If you’ve read any of my last few posts, you’d know that I just came home from a trip to India. I went with my university, in a group of 12 other students and three staff members, visiting well-known media outlets and getting to meet some of their most well respected journalists.
Media visits aside, I also had the chance to experience the amazing culture that is India. While I’ve been lucky enough to travel quite a lot in my life, I’ve never been to somewhere as diverse and culturally different to Australia as India. It truly is like stepping into a whole other world.
It’s a confronting difference at first. The heat and humidity knocks you around, and the poverty is raw and completely in your face. It’s hard to be faced with such extreme differences, and it really has made me realise how incredibly lucky I am to live where I do, and have what I have.
I’ve chosen to simply write down a few highlights of my trip overall, rather than giving a blow-by-blow account of the entire three weeks, because nobody got time for that. I’ve included some photos, too!
I suppose this was always going to be in my trip highlights, but the beauty of the Taj truly is breathtaking. The whole grounds of the palace are a sight to see, but walking through and laying my eyes on the Taj for the first time was absolutely incredible. The Taj Mahal was build because a man was so devastated by his wife’s death that he built her something so grand she ‘could see it from heaven’. The inside of the building is actually deceptively small, and with the extreme heat and the amount of people pushed in there it was incredibly uncomfortable. Despite this, the whole trip was just so beautiful, and to be able to see one of the amazing wonders of the world is something that I am very thankful for.
The academic side of my trip was so incredibly interesting (a lot more than I anticipated, to be honest)! To be able to see a media industry that is just so different to Australia’s was such a wonderful opportunity, and it was so interesting to meet their best journalists and to hear their thoughts on the changing face of media both in India and worldwide. It was so strange that their print industry is just growing, whereas ours is in dire need of help, and to see a country where social media is only just taking hold was just absolutely fascinating. A really good chance to gain some perspective on worldwide media.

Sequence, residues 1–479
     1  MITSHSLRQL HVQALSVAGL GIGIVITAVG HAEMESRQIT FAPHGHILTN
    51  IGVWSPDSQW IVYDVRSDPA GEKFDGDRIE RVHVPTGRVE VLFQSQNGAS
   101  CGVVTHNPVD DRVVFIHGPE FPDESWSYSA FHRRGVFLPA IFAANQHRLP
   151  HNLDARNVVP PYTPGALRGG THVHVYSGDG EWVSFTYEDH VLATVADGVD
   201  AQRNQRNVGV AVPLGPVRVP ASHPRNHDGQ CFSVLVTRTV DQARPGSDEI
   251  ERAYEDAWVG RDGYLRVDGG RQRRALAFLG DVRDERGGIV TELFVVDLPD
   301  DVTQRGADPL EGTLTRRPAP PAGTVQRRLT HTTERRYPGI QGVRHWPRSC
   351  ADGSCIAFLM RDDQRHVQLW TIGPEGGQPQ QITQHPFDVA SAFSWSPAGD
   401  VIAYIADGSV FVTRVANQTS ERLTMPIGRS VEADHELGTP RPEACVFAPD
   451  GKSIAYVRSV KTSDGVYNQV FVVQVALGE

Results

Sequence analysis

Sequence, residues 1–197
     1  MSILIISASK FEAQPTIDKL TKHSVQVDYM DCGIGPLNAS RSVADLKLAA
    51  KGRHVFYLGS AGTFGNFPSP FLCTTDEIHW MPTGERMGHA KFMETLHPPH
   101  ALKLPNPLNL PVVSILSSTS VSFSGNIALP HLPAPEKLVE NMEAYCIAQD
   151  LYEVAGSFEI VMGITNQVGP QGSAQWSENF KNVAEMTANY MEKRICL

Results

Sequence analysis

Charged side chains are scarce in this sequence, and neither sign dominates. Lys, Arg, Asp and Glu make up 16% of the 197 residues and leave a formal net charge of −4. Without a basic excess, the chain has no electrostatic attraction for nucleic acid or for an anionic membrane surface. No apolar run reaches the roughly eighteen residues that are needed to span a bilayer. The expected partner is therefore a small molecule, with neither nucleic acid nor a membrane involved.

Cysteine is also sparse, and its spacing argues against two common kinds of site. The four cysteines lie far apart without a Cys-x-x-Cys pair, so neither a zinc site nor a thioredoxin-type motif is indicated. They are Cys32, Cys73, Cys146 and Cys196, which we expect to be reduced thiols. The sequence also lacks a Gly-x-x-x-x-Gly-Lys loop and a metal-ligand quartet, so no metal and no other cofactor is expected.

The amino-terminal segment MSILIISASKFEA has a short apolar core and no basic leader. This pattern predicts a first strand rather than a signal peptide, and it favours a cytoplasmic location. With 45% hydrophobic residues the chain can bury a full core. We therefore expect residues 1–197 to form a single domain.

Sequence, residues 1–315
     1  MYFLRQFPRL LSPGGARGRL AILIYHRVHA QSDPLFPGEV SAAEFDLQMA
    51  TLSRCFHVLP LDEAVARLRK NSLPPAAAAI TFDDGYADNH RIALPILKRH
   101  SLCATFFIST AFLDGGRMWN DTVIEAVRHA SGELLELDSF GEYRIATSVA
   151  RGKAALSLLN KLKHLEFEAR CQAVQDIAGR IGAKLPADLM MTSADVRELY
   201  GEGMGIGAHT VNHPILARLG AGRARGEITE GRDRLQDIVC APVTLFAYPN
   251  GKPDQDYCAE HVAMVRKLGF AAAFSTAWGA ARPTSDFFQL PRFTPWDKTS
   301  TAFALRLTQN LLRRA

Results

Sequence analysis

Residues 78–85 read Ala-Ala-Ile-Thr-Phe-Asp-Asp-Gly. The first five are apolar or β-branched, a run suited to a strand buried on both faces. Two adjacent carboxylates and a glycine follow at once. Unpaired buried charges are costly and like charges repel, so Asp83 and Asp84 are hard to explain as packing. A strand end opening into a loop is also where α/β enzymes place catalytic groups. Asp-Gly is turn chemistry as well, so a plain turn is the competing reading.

Gurdwara Bangla Sahib
One of the most amazing experiences of my trip was getting the chance to have lunch at Gurdwara Bangla Sahib, the main Sikh temple in New Delhi. We were able to take a walk through the temple and see the members of Sikh faith during prayer (one of the loudest and most colourful things I’ve ever seen!), receive the offering of Karah Parshad (a sweet made of semolina and ghee), and finally take a tour through their kitchen. The temple serves meals to 20,000+ people per day, and the concept behind it is one of the most beautiful things I’ve ever experienced. The food comes from donations, and every single person who helps to make the meals – from peeling garlic cloves to rolling roti to serving rice – is a volunteer. Anyone is able to come and receive a meal, regardless of their race, religion or background. The philosophy of the meal is simple: “eat until you are full, but waste nothing”. I even saw a lady get turned away as she tried to leave because there was a mouthful of rice left on her plate! Around 400 people all sat on the floor together, and we were all just felt so welcomed and equal to everyone. It was an incredibly humbling experience, and one that I think will stick with me for a very long time.
Food + Drink
The food…oh, sweet baby cheeses THE FOOD. Curries, naan, rice, roti, Gulab Jamun, fresh lime soda, chutney, masala tea…everything was absolutely perfect. Toward the end of my trip I definitely got a bit over 2/3 meals of each day being curry and naan, but now I’m home it’s all I want. It’s like I’m having garlic naan withdrawals, and the symptoms are bad. I swear I smelt it at the shops yesterday, and my brain went into an absolute frenzy. I consumed so much masala tea that I felt like I was made of spices, and ate so many carbs that I was permanently bloated, but I just did not care at all. Everything was so beautiful and full of flavour and I now feel as though no curry at home will ever compare to the delicious ones I was eating over there.
While the media visits were the main focus of the trip, I definitely did get the chance to have an equal balance of learning and culture, and the trip honestly couldn’t have been any more perfect (maybe with the exception of the malaria tablet reaction). I was with the most amazing group of individuals (shout out to Maya for the genius that is #sarinotsari), and am beyond grateful that I was able to undertake this as part of my degree.
Have you been to India? How did you find it?